> Skip to content

Q&A  •  4 May 2021


Maggie Shipstead Q&A

The Great Circle author on inspiring travel, research and spending seven years on her latest novel.

Tell us about the inspiration behind Great Circle.
The seed of the book was planted in 2012, when I saw a statue of Jean Batten at the Auckland airport. Batten was the first person to fly solo from England to New Zealand in 1936. I’d been working on a different project that had died on me, and I was wondering what I was going to write instead, and I just thought, oh, I should write about an aviatrix. It was such happenstance. I didn’t really get to work on Great Circle until the fall of 2014 because I was dealing with the edits and publication of my second book, Astonish Me. In the meantime, I’d settled in Los Angeles, where, of course, Hollywood dominates the culture. The secondary thread of Great Circle, the voice of a scandal-plagued movie star, emerged from my observations of the city and is in some ways an extended riff on celebrity culture. For Marian Graves, my central pilot character, I drew inspiration from accounts of adventurers and explorers and from the travel I did over the years I was drafting the book. Before the pandemic, I was writing frequently for travel magazines, and that enabled me to get to the places I wanted to see for myself and make vivid in the book: Antarctica, the Arctic, Alaska, the South Pacific, etc.

What research did you undertake to capture the feel of the eras and events in the book?
I did my research primarily through books. I read a lot of books by and about pilots. I collected an eccentric library of reference materials about all kinds of topics: ships, historical Montana, the Aleutian Islands in World War II, Antarctica, Canadian landscape painters. I also made use of the internet, as is inevitable. I watched 1950s military instructional videos for pilots and navigators. I watched documentaries. I really tried my hardest to get things right, but I also tried to avoid including information just because I’d gone to the trouble of tracking it down rather than because it made the story more alive. That can be a tricky balance.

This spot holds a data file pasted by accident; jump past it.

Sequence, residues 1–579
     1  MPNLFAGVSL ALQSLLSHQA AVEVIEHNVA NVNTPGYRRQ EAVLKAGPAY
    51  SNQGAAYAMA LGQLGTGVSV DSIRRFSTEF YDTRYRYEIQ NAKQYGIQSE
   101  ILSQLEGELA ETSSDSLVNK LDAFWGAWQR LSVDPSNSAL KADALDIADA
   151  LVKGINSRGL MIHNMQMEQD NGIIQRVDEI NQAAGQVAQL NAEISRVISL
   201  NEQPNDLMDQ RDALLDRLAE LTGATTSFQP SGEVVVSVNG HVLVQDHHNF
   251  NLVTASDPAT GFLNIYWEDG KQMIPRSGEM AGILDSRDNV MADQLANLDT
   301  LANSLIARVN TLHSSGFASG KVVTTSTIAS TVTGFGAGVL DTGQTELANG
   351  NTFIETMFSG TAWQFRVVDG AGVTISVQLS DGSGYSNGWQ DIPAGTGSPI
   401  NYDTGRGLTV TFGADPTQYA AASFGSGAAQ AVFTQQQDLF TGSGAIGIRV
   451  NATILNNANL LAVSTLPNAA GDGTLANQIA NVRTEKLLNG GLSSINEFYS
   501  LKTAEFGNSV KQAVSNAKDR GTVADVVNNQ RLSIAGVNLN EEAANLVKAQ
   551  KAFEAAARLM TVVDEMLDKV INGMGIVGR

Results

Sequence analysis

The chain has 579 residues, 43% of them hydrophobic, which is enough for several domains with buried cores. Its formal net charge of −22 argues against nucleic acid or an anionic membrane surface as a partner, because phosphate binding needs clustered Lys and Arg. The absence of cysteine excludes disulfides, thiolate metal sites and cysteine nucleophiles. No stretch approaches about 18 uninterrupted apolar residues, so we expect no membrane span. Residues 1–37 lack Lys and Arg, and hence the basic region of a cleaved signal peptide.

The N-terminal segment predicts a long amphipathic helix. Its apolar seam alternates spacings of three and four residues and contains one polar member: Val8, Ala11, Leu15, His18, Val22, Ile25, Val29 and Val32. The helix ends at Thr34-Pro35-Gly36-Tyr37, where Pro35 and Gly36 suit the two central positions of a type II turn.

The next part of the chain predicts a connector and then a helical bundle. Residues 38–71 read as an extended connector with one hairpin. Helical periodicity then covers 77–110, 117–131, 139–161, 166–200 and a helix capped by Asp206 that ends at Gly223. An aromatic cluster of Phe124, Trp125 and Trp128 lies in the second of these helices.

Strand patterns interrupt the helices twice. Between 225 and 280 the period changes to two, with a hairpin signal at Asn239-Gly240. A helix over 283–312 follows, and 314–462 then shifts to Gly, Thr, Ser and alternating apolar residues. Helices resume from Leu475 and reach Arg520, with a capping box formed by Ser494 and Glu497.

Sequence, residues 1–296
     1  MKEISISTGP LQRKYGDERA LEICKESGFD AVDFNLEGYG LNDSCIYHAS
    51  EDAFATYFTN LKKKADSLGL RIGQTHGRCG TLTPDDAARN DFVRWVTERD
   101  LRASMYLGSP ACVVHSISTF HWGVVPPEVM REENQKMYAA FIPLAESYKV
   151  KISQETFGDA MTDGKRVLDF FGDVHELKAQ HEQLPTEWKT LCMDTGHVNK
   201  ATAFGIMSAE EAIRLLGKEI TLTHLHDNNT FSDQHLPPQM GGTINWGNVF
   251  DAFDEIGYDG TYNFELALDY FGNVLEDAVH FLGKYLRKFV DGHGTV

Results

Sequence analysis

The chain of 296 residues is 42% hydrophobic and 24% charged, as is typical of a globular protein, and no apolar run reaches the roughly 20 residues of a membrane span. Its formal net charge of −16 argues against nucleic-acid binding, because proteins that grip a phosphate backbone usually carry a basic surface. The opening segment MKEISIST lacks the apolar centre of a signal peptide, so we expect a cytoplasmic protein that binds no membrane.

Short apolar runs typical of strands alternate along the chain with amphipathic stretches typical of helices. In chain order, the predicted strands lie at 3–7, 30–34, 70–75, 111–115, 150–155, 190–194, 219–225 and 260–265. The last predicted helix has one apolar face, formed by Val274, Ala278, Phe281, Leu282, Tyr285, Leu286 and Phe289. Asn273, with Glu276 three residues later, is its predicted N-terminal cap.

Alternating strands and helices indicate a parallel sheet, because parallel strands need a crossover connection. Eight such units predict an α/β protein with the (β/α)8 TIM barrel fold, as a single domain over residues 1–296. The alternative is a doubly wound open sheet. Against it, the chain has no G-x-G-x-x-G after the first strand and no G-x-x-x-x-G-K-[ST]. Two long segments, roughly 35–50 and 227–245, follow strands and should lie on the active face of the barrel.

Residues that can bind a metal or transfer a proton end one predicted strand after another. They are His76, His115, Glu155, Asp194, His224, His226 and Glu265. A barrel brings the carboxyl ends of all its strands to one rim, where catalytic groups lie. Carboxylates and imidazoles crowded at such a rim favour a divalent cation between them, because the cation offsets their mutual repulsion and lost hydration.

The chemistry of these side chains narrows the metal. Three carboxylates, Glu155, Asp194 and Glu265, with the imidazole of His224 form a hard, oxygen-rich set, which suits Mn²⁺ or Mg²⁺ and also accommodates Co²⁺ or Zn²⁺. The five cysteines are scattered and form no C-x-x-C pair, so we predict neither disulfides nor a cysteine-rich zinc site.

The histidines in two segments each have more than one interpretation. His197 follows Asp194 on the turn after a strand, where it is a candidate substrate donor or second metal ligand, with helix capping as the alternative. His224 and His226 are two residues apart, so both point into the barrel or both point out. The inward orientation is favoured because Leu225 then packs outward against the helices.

Where is your favourite place to write?
Pre-pandemic, I really liked to write outside of my house. I’d bribe myself to work by going to a café in my neighborhood. I’d tell myself I could get breakfast and a giant iced latte on the condition that I brought my laptop and put in a few hours on the manuscript. I think I’m less likely to waste time on the internet when I’m out in public, and I like the ambient bustle of people around me. I do also like working in my office at home, though. It’s helpful to have my books around, and I have a large photograph of mostly empty sky by photographer Trevor Paglen hanging above my desk that was nice to stare at while working on Great Circle.

We hear the process of writing Great Circle took seven years. Was it challenging or helpful spending so long on the book? What were the turning points?
Spending seven years on a book was extremely challenging as far as stamina and also quite a big risk professionally because it was a large chunk of my life to invest in a single project. I took just over three years to write the first draft, which ended up being 980 manuscript pages, though the finished book, typeset, is under 600 pages. Then I spent the better part of another year revising before I sold Great Circle to my publisher; the editorial process took another two years and change. When I started writing back in 2014, I didn’t understand what I’d gotten myself into as far as the magnitude of this project until I was close to two years into the first draft. Suddenly I realized I’d written more than four hundred pages and wasn’t even halfway through. I had to tell myself not to panic and to just take the work one day at a time. I don’t outline or plan my books. I wish I could, but I find the process deadening, and I also get a lot of ideas from the research I do as I go along. One thing builds off another. I do need to have a couple of waypoints that I aim towards from the beginning, though: in this case, I knew Marian would transport warplanes during the war (though I hadn’t decided whether she would be in the UK or the US for that), and I knew she would fly over the poles, and that was pretty much it.